The Outlaws are the only team in the playoffs that finished with a negative goal differential, and they have a 2-6 record in one-score games. When facing teams that qualified for the playoffs, they won just four of 15 games, only managing to beat their Eastern Conference opponents. Against the Western Conference, they beat Dallas and Empire but lost two of their six meetings with the Sidekicks.

            That said, those stats are all in the past, and they need to focus on controlling what they can control. Morales hasn’t played since Feb. 1 against San Diego, but Dantas has been spectacular in his absence. He accumulated 20 points during March while Ortiz bagged 11 points and eight blocks during the same span.

Individually, the team is performing well; they just need to translate that into an impressive home performance. Take advantage of power plays and ensure that San Diego can’t capitalize on set pieces or man-advantages. Keep the game within reach, and their talent will give them an opportunity to steal a win.

            The Sockers need to score early and keep the Outlaws frustrated. The longer that Texas can see a way through, the harder it will be for San Diego to close it, so Chiles, Costa and Co should shoot to have at least two goals by the end of the first quarter and five by half.

Staying out of the penalty box will go a long way too. In their last two meetings, the Sockers earned more blue cards, which helped Texas keep the games as close as they were. Without that aid, San Diego has a good chance of sweeping this series in two.

Game one will be in Texas on Saturday, Apr. 6 at 8:05 p.m. EDT, before San Diego hosts game two on Monday, Apr. 8 at 10:35 p.m. EDT.

#2 Chihuahua Savage vs #3 Tacoma Stars

This is the big one for me. It feels unfair that one of these sides will go home after only the first round. The quality on display is as high as any other matchup, if not higher. There’s tension, superstars, and I can almost guarantee there’ll be some drama too.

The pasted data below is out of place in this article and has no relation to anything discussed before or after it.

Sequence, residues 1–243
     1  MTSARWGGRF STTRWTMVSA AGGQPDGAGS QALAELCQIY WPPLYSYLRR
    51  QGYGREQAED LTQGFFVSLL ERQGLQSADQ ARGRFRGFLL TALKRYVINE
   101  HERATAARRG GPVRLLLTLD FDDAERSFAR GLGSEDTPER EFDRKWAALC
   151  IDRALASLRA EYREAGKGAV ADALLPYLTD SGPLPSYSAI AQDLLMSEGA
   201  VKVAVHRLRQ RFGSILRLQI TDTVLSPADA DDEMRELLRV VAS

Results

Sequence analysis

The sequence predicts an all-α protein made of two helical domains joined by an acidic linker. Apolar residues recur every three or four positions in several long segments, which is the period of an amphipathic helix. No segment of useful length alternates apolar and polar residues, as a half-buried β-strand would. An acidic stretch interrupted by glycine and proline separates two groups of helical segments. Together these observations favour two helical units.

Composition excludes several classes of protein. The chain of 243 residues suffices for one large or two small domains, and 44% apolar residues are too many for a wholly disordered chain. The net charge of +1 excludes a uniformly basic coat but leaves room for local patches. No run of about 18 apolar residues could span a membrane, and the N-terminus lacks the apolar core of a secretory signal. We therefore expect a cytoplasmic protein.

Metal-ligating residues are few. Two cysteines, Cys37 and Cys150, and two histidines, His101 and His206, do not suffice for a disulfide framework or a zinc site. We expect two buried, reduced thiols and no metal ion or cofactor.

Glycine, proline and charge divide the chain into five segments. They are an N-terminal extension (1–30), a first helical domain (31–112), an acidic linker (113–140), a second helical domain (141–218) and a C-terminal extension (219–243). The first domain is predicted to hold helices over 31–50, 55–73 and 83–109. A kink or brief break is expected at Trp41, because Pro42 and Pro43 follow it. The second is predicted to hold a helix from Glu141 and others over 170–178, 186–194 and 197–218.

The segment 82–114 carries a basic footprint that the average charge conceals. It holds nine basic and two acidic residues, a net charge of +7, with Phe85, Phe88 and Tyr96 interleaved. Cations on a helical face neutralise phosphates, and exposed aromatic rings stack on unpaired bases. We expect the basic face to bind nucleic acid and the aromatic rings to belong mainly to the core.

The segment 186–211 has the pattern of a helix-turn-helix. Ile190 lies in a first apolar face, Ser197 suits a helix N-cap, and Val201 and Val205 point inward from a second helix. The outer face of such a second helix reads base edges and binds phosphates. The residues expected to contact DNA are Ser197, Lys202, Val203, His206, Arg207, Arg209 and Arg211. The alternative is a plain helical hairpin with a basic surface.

For Chihuahua, there’s unfinished business. Until Mar. 15, the Savage had beaten every team not from Monterrey. They soared thanks to the league’s best defense and looked like favorites in the West despite sitting well behind San Diego in the standings. Then Chihuahua visited Tacoma and fell not once but twice in two of the season’s most entertaining games.

            Tacoma had just signed Justin Stinson and Stefan Mijatovic on loan from Empire and immediately, the Stars jumped from an above-average playoff team to serious title contenders.

They’ve now won a franchise record nine straight games and are on the fifth-longest winning streak entering the playoffs in MASL history.

            Stinson and Mijatovic have combined for 25 points, but even more importantly, they’re bringing out the best in the rest of Tacoma’s already strong lineup. Since the beginning of March, Alessandro Canale, Jamael Cox, Nani Mendoza, and Michael Ramos together have added 54 points, and Nick Perera has only played once during that span. There’s no hyperbole here. This team is stacked.